Queer Places:
Harvard University (Ivy League), 2 Kirkland St, Cambridge, MA 02138
Oak Hill Cemetery Lake Geneva, Walworth County, Wisconsin, USA

Edmund Quincy Sewall, Jr. (February 29, 1828 - September 26, 1908) was the Controller of the Chicago, Milwaukee & St. Paul railroad.

Edmund Quincy Sewall, Jr. was born on 29 February 1828 in Newburyport, Essex County, Massachusetts. He was the son of Rev. Edmund Quincy Sewall and Caroline Ward, the daughter of Col. Joseph Ward and Prudence Bird. Edmund Quincy Sewall, Sr. was a descendent of Henry Sewall who came to New England in 1634. Henry’s grandfather, Henry, was a mayor of Coventry, England. Henry Sewall did not agree with the English politics and had his son and family to move to New England with him in 1634. Henry came with his wife Jane Dummer and his first five of their eight children, including a nine-year-old Samuel Sewall. Samuel Sewall married Hannah Hull and had fourteen children. He was a Chief Justice of Massachusetts Supreme Court and presided over the Salem witch trials. Only six of his fourteen children survived beyond childhood and only the two sons lived into their seventies. One of the sons was Joseph Sewall who married Elizabeth Walley. They only had one child that lived into adulthood, Samuel Sewall. Joseph was pastor of the Old South Church of Boston. His son Samuel married Elizabeth Quincy and had seven children. Samuel was a merchant and a deacon at his father’s church, Old South Church. Samuel son, Samuel, followed in his great-grandfather’s footsteps and became a Chief Justice of Massachusetts Supreme Court. Samuel married Abigail Devereux and had nine children, the seventh child being Edmund Quincy Sewall. Edmund Quincy Sewall, Jr, is related to Louisa May Alcott, his second cousin. His grandfather Samuel’s sister, Dorothy, married Colonel Joseph May and had a daughter Abigail May. Abigail married Amos Bronson Alcott and had Louisa May Alcott.

The younger Sewall attended the private school in Concord, Mass., conducted by Henry David Thoreau and his brother John Thoreau. After Col. Joseph Ward’s death, Prudence Bird Ward and her daughters, including Caroline Ward, become close friends with the Thoreau family, especially Cynthia Thoreau, Henry David Thoreau’s mother, and Elizabeth, Jane, and Maria Thoreau, Henry David Thoreau’s aunts. It was Maria Thoreau who, in 1817, introduced Caroline Ward to Edmund Quincy Sewall. In 1833, Prudence Ward and her daughter, Prudence, moved to Concord and lived in a house owned by John Thoreau, Sr., Henry David Thoreau’s father. They lived there until Prudence Ward’s death in 1844. In 1836, Caroline brought her daughter Ellen to visit her grandmother, aunt and the Thoreaus. Caroline took her son Edmund on a similar trip in 1839. It was this same year that Ellen (age 17) paid another visit by herself. She attracted the attention of both John Thoreau, Jr. and Henry David Thoreau. Both John and Henry corresponded with Ellen as well as sent her other items. Henry sent her poems and John sent her crystals and stones for her mineral specimen box. In 1840, Edmund became a pupil at the Thoreau school. In July 1840, John proposed to Ellen. She initially accepted, but eventually declined due to her father’s wishes and because she was concerned for her father’s health. In November of the same year, Henry also proposed to Ellen. Since she declined John, she had to decline Henry. Years later, she told her daughters, Elizabeth and Louise, that she regretted accepting John’s proposal since she cared more for Henry. Henry told his sister, Sophia, on his deathbed that he never got over his love for Ellen. Ellen remained close to Sophia Thoreau. They wrote often until Sophia’s death in 1876. Just before her death, Sophia sent Ellen a scrapbook that had been started by John, then was used by Henry after John’s death, and was continued to be used by Sophia after Henry’s death. Ellen’s aunt, Prudence, was a close confidante to Maria Thoreau, which continued for years even after Prudence left Concord in 1844. Prudence Ward died on June 2, 1874 and Maria Thoreau died in 1881.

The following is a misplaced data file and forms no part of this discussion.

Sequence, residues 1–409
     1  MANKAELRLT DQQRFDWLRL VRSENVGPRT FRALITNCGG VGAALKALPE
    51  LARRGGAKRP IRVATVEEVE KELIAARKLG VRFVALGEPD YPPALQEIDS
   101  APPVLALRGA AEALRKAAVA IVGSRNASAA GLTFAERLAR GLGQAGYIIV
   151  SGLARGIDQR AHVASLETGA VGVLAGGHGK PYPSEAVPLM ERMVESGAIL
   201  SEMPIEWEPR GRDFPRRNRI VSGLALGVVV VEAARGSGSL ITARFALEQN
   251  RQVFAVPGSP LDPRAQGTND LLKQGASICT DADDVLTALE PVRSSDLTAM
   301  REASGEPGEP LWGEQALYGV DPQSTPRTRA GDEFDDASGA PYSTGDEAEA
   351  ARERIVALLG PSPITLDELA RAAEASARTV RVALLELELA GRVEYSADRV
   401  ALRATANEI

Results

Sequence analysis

Henry David Thoreau took Ralph Waldo Emerson's lofty model of platonic love as his own. He used this model to explain the emotional attraction he felt for certain men who came into his life, like the Canadian woodcutter Alek Therian, whom Thoreau would encounter in his walks around Walden Pond. In the summer of 1839, Thoreau was smitten by the young brother of a family friend, Edmund Sewall, who was in Concord for a visit. The love poem, "Lately, Alas I Knew a Gentle Boy", written to the object of his affection is remarkable for its candor. Sewall's diary chronicles his studies with the Thoreaus, March 28-May 16 1840. The school was noted for its educational innovations and the Thoreaus stressed “learning by doing.” Sewall records the numerous field trips the students took and also describes other aspects of school life important to young boys: pranks, meals, and assigned compositions.

Sewall graduated in 1847 from Harvard B.A., and married Louisa Kilham Lovett, daughter of Samuel Porter Lovett and Lucy Chapman, on 27 November 1852 in Beverly, Massachusetts, the marriage being conducted by The Rev. Edmund Quincy Sewall of Cohasset assisted by the Rev. Christopher T. Thayer.

He adopted civil and railroad engineering as his profession. He was successively superintendent of the Delaware R.R., superintendent at New Orleans of the N.O.I. and Gr. N.R.R., superintendent of the St. Paul & Pacific R.R., treasurer and later superintendent of the Duluth R.R., and finally comptroller of the C.N. & St. Paul R.R./p>

Edmund Quincy Sewall and his family appear on the census of 1880 at St. Paul, Ramsey County, Minnesota. He died on 26 September 1908 in Lake Geneva, Wisconsin, at the age of 80.

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